2018 Senate Landscape Is Stable, With ‘Trump Ten’ Democrats Holding Their Own

Sen. Tammy Baldwin has meh approval ratings, but she’s a lot more popular in Wisconsin than Donald Trump. Photo: Justin Sullivan/Getty Images

In July, last time Morning Consult published a state-by-state compilation of approval/disapproval rating data for U.S. senators, three members of the upper chamber, all Republicans, were “underwater”: the two senators from Arizona, Jeff Flake and John McCain, and Senate Majority Leader Mitch McConnell. In its latest surveys, McCain has improved his ratings (presumably thanks to Democratic-independent appreciation for his rebellion against his party on health care), the now-retiring Flake is in even worse shape, and McConnell, who has been taking a pounding from both Donald Trump and Steve Bannon, is way underwater at 33/55. Bernie Sanders remains the most popular senator in the country with his constituents, with a 71/22 approval rating.

But generally speaking, senatorial popularity has been trending downward slowly all year, more or less in synch with the president’s gradually deteriorating numbers. Still, with a few exceptions, the senators facing voters in 2018 are in reasonably good shape. With 26 Democratic seats up next year as opposed to just 8 Republican seats, it remains unlikely Democrats will retake control of the Senate next year — or that Republicans will make major gains.

Right now the senator up in 2018 (putting Flake aside) with the worst approval ratio is Republican Dean Heller of Nevada (39/39), a state Trump lost last year; Trump’s own approval ratio there earlier this month (according to Morning Consult as well) was 44/51.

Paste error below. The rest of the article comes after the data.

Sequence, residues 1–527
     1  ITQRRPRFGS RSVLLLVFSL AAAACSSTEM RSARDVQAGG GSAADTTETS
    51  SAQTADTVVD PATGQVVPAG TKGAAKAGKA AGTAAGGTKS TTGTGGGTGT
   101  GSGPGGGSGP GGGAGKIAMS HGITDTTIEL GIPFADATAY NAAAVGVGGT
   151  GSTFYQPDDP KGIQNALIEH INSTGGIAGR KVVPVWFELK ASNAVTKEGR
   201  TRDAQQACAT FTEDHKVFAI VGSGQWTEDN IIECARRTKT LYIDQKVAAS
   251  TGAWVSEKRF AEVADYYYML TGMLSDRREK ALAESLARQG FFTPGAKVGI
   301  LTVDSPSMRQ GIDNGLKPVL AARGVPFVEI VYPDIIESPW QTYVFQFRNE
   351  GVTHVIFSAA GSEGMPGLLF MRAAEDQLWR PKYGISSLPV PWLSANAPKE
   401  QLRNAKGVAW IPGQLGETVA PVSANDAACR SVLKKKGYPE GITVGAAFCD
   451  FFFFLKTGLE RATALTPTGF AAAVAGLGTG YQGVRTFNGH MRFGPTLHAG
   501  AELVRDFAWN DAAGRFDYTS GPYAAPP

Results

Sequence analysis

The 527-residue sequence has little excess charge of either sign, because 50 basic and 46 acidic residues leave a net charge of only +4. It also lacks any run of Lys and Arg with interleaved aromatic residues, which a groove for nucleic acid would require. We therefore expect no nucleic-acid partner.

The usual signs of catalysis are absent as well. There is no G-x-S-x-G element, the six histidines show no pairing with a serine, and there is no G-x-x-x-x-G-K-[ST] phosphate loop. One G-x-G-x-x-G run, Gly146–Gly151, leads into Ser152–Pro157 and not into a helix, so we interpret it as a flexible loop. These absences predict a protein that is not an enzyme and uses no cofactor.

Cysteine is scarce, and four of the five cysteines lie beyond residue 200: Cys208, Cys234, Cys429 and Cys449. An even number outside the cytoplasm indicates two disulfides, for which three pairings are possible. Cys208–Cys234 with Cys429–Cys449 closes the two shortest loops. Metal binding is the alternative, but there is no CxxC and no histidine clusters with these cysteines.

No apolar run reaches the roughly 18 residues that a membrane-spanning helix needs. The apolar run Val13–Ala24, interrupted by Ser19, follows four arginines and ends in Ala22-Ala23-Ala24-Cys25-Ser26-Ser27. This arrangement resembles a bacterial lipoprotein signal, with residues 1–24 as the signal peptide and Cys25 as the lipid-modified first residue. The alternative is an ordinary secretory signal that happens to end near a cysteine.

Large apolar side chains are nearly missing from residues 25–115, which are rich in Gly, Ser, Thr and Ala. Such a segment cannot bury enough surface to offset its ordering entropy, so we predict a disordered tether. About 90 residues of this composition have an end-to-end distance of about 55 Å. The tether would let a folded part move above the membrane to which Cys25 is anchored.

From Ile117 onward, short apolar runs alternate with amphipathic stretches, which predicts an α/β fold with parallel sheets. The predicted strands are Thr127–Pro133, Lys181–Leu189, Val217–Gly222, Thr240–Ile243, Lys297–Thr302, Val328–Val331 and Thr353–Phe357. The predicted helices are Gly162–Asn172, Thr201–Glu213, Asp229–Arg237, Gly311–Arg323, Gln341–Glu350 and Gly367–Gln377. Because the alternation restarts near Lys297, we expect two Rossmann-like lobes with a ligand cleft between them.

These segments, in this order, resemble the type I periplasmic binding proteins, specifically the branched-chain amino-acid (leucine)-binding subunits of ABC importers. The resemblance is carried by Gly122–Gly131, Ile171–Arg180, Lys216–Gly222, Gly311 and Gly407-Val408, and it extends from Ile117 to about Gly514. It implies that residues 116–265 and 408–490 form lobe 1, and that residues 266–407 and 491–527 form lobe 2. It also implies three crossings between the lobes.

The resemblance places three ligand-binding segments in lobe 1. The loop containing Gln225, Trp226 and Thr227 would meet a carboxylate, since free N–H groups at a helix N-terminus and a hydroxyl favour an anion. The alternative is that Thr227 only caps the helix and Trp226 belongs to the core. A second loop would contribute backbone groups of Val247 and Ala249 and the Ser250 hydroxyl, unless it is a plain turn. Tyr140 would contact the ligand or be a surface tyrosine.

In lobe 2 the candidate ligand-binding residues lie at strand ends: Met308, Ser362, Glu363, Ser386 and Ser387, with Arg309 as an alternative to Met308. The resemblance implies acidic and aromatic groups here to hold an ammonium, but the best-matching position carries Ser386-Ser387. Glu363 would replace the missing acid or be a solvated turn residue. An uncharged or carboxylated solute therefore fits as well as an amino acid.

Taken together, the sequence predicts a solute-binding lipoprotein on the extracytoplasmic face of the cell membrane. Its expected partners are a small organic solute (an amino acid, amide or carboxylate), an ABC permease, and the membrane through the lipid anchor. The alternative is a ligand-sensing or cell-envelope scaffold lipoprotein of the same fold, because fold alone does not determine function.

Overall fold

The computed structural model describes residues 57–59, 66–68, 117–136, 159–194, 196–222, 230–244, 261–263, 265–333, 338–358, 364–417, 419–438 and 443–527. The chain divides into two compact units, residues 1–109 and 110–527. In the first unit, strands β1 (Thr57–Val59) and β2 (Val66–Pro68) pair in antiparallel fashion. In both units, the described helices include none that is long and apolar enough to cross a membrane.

Of the “Trump Ten” Democrats running in states the president carried last year, none are “underwater.” Looking at Trump’s approval ratios and their own, the one Democrat from a state where Trump is really popular, at 60/36, is Joe Manchin, whose own ratio is a healthy 53/36.

Four Democrats are from states where Trump’s approval rating is right at 50 percent; among them Claire McCaskill of Missouri is the most vulnerable at 42/39; followed by Joe Donnelly of Indiana at 47/26; and then the quite-popular Heidi Heitkamp of North Dakota at 55/32 and Jon Tester of Montana at 53/33.

Bill Nelson of Florida is a relatively strong 50/26, while Trump’s a bit meh in the Sunshine State at 48/47. Tammy Baldwin of Wisconsin is looking vulnerable at 41/38, but then Trump’s quite unpopular in her state at present, at 41/53.

Trump’s underwater ratings in Ohio (46/49) and Pennsylvania (45/50) provide some comfort for relatively popular Democratic senators Sherrod Brown (47/28) and Bob Casey (43/32), respectively. And Debbie Stabenow’s a lot more popular in Michigan (45/36) than is the president (40/55).

How all the 2018 Senate races evolve will depend a lot, of course, on who runs against the incumbents — or indeed, whether some of them join Flake and Bob Corker in retirement. For example, the relatively popular Bill Nelson will probably have to face the financial Death Star Rick Scott, while there are potentially nasty GOP primaries in Arizona, Indiana, and Nevada. And Breitbart News’ Steve Bannon is threatening to back primary challenges to several Republican senators who have not been on anyone’s radar screen, including Deb Fischer of Nebraska (45/35), John Barrasso of Wyoming (53/26), and Roger Wicker of Mississippi (49/26). There’s even a competitive Democratic primary on tap in California, where state senate majority leader Kevin DeLeon is challenging Diane Feinstein (47/33), though the state’s top-two primary system might mean these candidates stage a rematch in the general election.

If 2017’s slow slide of senatorial approval ratings continues into 2018, the landscape could well become more competitive, though again, Republican odds of knocking off Democratic incumbents might be undermined by the president’s low ratings. It will be an expensive scramble still more likely than not to produce a partisan standoff.

Senate Democrats Holding Their Own Heading Toward 2018